An Analysis Of Two Early LXX Manuscripts From Qumran: 4QLXXNum And 4QLXXLeva In The Light Of Previous Studies -- By: Nicholas Petersen
Journal: Bulletin for Biblical Research
Volume: BBR 19:4 (NA 2009)
Article: An Analysis Of Two Early LXX Manuscripts From Qumran: 4QLXXNum And 4QLXXLeva In The Light Of Previous Studies
Author: Nicholas Petersen
BBR 19:4 (2009) p. 481
An Analysis Of Two Early LXX Manuscripts From Qumran: 4QLXXNum And 4QLXXLeva In The Light Of Previous Studies
4QLXXNum and 4QLXXLev a are extensively analyzed below, and it is concluded that these manuscripts are best understood as either stylistic or clarifying revisions of the OG and that the OG is better represented by Ged. As such, this work substantiates and builds upon the previous conclusions of Patrick Skehan and John Wevers, while the conclusions of Eugene Ulrich, who found the idiosyncratic nature of these two manuscripts to be indicative of their primacy, are necessarily opposed. In addition, the proposals that Ulrich has offered to the effect that a variant Hebrew Vorlage underlies these texts are shown to be inadequate. Besides these text-critical considerations, it will be shown that 4QLXXLeva in particular exhibits some significant instances of stylistic translation technique.
Key Words: Septuagint, revision, 4QLXXLeva, 4QLXXNum, Old Greek, Vorlage, Masoretic Text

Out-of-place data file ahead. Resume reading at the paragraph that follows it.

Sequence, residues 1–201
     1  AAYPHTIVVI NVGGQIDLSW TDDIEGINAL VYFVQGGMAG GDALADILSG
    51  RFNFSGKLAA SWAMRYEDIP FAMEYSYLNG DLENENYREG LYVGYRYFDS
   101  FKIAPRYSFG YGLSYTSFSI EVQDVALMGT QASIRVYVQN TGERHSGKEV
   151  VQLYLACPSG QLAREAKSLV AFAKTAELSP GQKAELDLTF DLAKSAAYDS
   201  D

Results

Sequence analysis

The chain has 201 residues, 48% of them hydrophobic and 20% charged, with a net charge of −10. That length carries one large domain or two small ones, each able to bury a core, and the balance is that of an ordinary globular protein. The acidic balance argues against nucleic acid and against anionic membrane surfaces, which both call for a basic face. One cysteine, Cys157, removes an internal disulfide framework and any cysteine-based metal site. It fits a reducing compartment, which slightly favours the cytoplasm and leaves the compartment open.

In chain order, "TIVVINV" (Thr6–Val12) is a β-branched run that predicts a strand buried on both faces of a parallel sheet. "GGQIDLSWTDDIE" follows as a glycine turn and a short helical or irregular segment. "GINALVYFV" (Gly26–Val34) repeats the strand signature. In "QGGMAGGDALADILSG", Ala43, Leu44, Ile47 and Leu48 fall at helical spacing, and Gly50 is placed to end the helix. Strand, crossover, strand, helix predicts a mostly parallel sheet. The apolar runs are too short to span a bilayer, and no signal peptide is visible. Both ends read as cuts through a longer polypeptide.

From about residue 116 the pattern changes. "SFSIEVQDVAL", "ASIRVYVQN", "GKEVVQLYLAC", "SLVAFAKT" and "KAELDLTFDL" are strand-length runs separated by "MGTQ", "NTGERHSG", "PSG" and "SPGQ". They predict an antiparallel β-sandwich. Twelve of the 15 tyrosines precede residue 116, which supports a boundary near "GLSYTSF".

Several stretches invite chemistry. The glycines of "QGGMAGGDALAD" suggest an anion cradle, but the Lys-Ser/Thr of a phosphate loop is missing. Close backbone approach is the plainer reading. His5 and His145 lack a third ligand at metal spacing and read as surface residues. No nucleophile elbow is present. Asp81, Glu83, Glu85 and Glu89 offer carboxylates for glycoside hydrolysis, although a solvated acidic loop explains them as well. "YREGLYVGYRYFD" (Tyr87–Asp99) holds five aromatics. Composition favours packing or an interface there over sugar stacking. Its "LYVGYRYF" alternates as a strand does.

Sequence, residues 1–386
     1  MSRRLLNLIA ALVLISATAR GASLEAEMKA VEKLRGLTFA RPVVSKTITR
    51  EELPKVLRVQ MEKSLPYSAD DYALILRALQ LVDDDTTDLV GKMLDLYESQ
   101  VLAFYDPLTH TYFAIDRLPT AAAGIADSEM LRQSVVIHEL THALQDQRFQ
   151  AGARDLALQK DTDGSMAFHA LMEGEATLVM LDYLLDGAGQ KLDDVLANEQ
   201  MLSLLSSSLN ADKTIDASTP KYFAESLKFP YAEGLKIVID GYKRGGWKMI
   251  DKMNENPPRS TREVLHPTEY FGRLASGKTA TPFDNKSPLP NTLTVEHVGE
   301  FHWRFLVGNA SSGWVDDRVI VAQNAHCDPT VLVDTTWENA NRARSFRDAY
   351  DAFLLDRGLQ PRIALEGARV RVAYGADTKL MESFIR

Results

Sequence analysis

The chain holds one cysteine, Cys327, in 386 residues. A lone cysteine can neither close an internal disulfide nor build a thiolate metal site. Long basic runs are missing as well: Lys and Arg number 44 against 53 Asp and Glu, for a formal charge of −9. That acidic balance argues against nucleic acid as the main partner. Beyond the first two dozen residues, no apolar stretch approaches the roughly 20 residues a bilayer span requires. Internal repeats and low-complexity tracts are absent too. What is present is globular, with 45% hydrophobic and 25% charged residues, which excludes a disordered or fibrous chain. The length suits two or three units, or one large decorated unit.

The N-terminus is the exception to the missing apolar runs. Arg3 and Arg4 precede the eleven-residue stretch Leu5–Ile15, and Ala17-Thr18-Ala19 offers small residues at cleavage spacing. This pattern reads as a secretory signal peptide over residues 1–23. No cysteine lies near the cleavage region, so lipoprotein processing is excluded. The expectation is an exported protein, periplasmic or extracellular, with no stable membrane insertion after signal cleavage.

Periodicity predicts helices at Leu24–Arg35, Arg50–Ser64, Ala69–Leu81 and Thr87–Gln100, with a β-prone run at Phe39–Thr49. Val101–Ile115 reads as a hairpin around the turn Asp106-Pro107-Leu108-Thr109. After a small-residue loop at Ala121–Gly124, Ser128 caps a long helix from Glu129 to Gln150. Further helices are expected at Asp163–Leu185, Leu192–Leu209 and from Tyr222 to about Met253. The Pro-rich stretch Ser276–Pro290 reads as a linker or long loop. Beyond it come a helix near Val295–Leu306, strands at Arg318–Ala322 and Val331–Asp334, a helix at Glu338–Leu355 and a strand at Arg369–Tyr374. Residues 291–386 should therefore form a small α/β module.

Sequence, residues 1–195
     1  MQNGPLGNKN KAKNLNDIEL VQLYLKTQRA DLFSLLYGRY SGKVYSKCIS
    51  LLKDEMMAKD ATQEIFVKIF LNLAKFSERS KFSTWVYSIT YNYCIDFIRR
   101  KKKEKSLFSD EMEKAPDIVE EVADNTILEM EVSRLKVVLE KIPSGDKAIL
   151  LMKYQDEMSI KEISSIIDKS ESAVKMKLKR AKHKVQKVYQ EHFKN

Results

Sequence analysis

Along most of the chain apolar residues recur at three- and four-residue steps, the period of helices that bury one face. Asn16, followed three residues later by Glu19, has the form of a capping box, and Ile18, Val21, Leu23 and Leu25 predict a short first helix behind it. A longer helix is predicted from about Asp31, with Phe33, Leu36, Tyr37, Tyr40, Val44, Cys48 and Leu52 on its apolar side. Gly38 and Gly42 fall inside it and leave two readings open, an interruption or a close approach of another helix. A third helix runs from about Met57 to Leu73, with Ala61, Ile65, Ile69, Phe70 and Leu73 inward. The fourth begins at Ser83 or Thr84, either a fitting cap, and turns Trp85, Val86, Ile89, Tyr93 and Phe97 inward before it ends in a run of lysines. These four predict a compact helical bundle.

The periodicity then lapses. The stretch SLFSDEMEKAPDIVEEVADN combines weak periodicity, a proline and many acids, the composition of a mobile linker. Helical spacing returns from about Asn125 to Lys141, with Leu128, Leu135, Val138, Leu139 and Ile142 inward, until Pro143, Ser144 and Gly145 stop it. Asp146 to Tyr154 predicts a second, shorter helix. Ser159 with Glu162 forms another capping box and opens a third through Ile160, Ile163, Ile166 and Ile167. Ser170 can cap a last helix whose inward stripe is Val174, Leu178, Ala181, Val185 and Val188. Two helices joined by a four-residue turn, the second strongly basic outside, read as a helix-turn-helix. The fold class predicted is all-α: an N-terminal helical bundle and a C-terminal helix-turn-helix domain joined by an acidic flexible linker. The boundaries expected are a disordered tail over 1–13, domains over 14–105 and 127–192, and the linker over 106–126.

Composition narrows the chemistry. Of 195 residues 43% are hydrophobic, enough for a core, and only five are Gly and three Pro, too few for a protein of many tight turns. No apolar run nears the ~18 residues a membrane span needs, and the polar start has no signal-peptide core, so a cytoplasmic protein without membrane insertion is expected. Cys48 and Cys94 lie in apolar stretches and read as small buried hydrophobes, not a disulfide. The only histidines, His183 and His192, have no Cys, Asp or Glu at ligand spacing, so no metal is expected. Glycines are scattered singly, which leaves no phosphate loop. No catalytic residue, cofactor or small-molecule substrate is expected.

The discovery of Greek translations of the Pentateuch at Qumran was a momentous event. Dating approximately four centuries prior to the oldest codices, these documents became no less significant after it was determined that they were in fact septuagintal in nature. Two of these fragmentary documents have drawn the most scrutiny to date: 4QLXXNum (4Q121 = Rahlfs 803) and 4QLXXLeva (4Q119 = Rahlfs 801).1 Other significant finds are pap4QLXXLevb (4Q120 = Rahlfs 802), pap7QLXXExod, which covers Exod 28:4–7, and 4QLXXDeut, which is identified solely by Deut 11:4.2 Concerning 4QLXXNum, Patrick Skehan originally thought
BBR 19:4 (2009) p. 482
“that a somewhat awkward Greek rendering of Numbers has been reworked anciently to yield the recension contained in our later codices.”3 By 1977, Skehan had fully altered this earlier assessment, saying: “[Rahlfs 803’s] text is not such as can be supposed to underlie the form presented in later Septuagint codices; it is instead a considerable reworking of the original LXX to make it conform both in quantity and in diction to a Hebrew consonantal text nearly indistinguishable, within the limited scope of our evidence, from that of MT.”4 Shortly after this in 1982, John Wevers agreed with the essentials of this assessment, concluding that ...
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